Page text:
According to CBRE Research's semi-annual Global Prime Office Occupancy Costs survey, London's West End continued to be the world's highest-priced office market but Asia dominated the world's most expensive office locations, accounting for four of the top five markets.
The study also found that the real estate recovery in the Emerald Isle (Ireland) remained on track, with Dublin (26.1 percent) and Belfast (13.3 percent) showing the largest and fourth-largest year-over-year prime occupancy cost increases, respectively among the 127 cities surveyed. In North America real estate fundamentals remained strong with Seattle (Downtown), San Francisco (Peninsula) and Vancouver (Suburban) among the 10 markets with the fastest growing prime occupancy costs.
London West End's overall prime occupancy costs of US$267 per sq. ft. per year topped the "most expensive" list. Hong Kong (Central) followed with total prime occupancy costs of US$254 per sq. ft., Beijing (Finance Street) (US$196 per sq. ft.), Beijing (Central Business District (CBD) (US$188 per sq. ft.) and New Delhi (Connaught Place - CBD) (US$157 per sq. ft.) rounded out the top five.
The change in prime office occupancy costs mirrored the gradual recovery of the global economy. Global prime office occupancy costs rose 2.0 percent year-over-year, with the Americas up 2.9 percent, EMEA rising 1.5 percent and Asia Pacific up 1.4 percent.
"Occupier caution has declined and corporate confidence has been on the rise and this confidence is starting to translate into a degree of expansionary momentum, "said Richard Barkham , Global Chief Economist, CBRE. "At the same time, many office markets are increasingly short of the quality, modern, flexible and highly accessible or CBD-located office buildings which corporations are seeking to execute workplace strategies that will drive productivity and attract or retain talent."
CBRE tracks occupancy costs for prime office space in 127 markets around the globe. Of the top 50 "most expensive" markets, 19 were in EMEA, 20 were in Asia Pacific and 11 were in the Americas.
Europe Middle East & Africa (EMEA)
The continued recovery has led to a revival in leasing activity beyond London and Dublin to UK regional cities and smaller Central and Eastern European markets. The exceptions have been Russian office markets, where Western sanctions and the steep drop in oil prices have led to a deep recession, and Warsaw, where supply levels continue to exert downward pressure on rents. In EMEA, occupiers are starting to switch from cost optimization and space reduction to expansions. Prime office occupancy costs increased by 1.5 percent, as only 11 out of 57 EMEA markets saw a year-over-year decline in occupancy costs.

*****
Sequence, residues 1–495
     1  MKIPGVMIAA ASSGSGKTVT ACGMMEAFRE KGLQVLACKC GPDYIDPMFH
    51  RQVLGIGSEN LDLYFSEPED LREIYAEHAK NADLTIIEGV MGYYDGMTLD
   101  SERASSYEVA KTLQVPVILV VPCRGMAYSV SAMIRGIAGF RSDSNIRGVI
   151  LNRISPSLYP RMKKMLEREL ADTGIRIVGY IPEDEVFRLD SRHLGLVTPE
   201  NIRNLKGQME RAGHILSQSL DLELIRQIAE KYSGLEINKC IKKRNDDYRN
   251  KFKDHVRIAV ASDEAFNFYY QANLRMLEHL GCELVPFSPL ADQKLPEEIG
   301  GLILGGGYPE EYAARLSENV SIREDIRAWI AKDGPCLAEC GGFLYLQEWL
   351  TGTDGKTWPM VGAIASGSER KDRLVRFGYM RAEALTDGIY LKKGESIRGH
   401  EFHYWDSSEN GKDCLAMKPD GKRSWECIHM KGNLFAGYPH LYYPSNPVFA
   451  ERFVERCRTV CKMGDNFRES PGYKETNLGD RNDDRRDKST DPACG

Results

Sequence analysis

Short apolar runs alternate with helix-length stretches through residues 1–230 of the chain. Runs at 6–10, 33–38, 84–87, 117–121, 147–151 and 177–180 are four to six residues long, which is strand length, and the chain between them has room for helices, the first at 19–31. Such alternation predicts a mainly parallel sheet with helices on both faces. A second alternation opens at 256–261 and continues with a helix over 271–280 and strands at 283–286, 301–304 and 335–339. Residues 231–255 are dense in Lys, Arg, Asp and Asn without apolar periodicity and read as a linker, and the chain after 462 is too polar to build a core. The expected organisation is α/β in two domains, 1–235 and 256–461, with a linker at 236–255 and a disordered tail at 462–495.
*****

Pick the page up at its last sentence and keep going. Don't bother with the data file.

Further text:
In addition to London West End, other markets from the region on the global top 10 list are London City (US$143 per sq. ft.) and Moscow (US$128 per sq. ft.).
Asia Pacific had 20 markets ranked in the top 50 most expensive, including six of the top 10--Hong Kong (Central), Beijing (Finance Street), Beijing (CBD), New Delhi (Connaught Place - CBD), Hong Kong (West Kowloon) and Tokyo (Marunouchi Otemachi).
Occupancy cost trends were mixed, with regional surveys showing stronger hiring intentions among employers in India, Taiwan, New Zealand, the Philippines and Japan while corporate hiring activity remained muted in other locations. India and the Philippines continued to benefit from growing IT back office services looking for operational and costs efficiency.
Hong Kong (Central) remained the only market in the world--other than London's West End--with a prime occupancy cost exceeding US$200 per sq. ft.
The most expensive market in the global ranking from the Pacific Region was Sydney (US$88 per sq. ft.), in 24th place.
In the U.S., the general economic recovery has boosted demand for office space across most metros despite structural shifts, of which the reduction of space per worker is the most important. Overall, occupier activity has sustained last year's momentum, leading to an increase in occupancy costs in 19 out of 22 U.S. markets covered in this survey. The fall in the price of oil has impacted Canada leading to 2015 GDP forecast downgrades. Most Latin American economies continued to perform below trend resulting in weak occupational activity.
Four American markets recorded double-digit increases in prime occupancy costs in Q1 2015.
New York Midtown, the 10th most expensive market in the world, remained the most expensive Americas market, with a prime office occupancy cost of US$127 per sq. ft.
Rio de Janeiro remained the most expensive market in Latin America, posting an office occupancy cost of US$76 per sq. ft. and ranking as the 31st most expensive market globally.